Edited b Thomas S. Szayna. Arlington, Va.: RAND Arroyo Center, 2000. 328 pages. $25.00.
This is a difficult book to read and comprehend, but the model presented has merit. The best part of this book is its in-depth analysis of four case studies: Yugoslavia, South Africa, Ethiopia, and Saudi Arabia. As the acknowledgements state, the book was commissioned by the US Army's Deputy Chief of Staff for Intelligence and is intended for use by members of the intelligence community to predict the outcome of ethnic conflicts.
In the new world order of the 21st century, internal ethnic conflicts dominate crises around the globe. The authors state that between 1988 and 1998 there were 108 conflicts, yet only seven were interstate wars. With the rise of global communications, global economics, and worldwide interests, it behooves the intelligence community to be able to predict when a crisis will erupt. The authors introduce a model that enables analysts to track and predict ethnic conflicts. The model is quite comprehensive. The criteria, and subsections of each, provide a systematic approach for predicting the outbreak of ethnic violence.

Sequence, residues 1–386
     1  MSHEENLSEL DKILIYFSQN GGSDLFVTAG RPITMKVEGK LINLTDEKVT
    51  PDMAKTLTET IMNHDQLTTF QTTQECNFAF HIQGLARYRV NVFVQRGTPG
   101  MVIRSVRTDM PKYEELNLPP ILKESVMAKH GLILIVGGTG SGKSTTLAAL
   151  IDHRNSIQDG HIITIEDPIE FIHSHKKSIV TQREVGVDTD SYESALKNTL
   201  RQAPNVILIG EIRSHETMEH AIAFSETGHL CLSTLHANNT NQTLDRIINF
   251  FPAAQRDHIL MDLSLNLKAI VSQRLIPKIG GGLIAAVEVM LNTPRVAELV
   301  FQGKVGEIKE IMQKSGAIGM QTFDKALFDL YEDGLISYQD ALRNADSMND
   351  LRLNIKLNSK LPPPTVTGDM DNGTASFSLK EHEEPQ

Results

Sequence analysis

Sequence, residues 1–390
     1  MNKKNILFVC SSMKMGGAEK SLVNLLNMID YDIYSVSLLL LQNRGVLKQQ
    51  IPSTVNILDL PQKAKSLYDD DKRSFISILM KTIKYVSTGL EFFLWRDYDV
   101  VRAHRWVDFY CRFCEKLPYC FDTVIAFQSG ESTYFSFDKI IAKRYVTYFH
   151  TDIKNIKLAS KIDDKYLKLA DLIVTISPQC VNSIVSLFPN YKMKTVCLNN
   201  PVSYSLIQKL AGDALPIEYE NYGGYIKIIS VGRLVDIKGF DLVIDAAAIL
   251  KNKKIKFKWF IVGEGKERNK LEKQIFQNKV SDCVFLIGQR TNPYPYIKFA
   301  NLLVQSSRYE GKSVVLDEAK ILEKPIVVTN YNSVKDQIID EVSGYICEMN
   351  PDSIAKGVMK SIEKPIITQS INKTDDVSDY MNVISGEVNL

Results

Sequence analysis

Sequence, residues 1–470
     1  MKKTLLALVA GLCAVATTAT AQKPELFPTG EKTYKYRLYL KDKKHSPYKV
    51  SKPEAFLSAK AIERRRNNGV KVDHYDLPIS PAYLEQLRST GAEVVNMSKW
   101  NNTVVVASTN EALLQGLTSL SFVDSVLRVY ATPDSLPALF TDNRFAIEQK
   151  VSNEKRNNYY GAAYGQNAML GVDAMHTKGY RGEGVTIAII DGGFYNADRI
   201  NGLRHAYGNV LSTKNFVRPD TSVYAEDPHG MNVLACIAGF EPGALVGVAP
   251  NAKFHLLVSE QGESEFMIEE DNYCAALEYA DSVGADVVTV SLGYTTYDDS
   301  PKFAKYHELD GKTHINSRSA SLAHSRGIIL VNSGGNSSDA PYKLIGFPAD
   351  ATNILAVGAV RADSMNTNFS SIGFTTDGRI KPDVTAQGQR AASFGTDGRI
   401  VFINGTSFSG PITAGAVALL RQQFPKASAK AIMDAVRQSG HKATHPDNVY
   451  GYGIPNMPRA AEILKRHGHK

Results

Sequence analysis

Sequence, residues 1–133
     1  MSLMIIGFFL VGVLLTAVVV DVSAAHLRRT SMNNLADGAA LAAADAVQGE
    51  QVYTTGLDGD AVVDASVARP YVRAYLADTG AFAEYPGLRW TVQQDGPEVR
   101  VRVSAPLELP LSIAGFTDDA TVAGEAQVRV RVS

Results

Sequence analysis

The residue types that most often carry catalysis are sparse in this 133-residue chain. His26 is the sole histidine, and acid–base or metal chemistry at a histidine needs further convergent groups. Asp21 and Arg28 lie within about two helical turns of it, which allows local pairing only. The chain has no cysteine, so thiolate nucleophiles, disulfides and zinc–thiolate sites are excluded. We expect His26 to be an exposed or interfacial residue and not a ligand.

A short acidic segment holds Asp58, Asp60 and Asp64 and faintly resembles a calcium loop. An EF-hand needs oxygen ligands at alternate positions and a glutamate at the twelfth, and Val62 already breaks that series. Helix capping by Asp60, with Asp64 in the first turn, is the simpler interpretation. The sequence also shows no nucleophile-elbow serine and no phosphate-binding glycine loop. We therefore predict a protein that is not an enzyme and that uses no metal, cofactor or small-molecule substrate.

The authors introduce three criteria to determine the outbreak of ethnic conflict. These are: closure, the structures within a state and the power struggle between them; transformation, identifying the conditions within a nation or region that could cause an eruption into conflict; and, last, the actual catalysts that create the outbreak of violence. Simply stated, the model uses three stages to depict the likelihood of conflict (strife): the potential for strife, transformation into likely strife, and the transition from likely to actual strife.
Stage I of the model, closure, refers to the power struggle between various elements within a nation attempting to gain power. …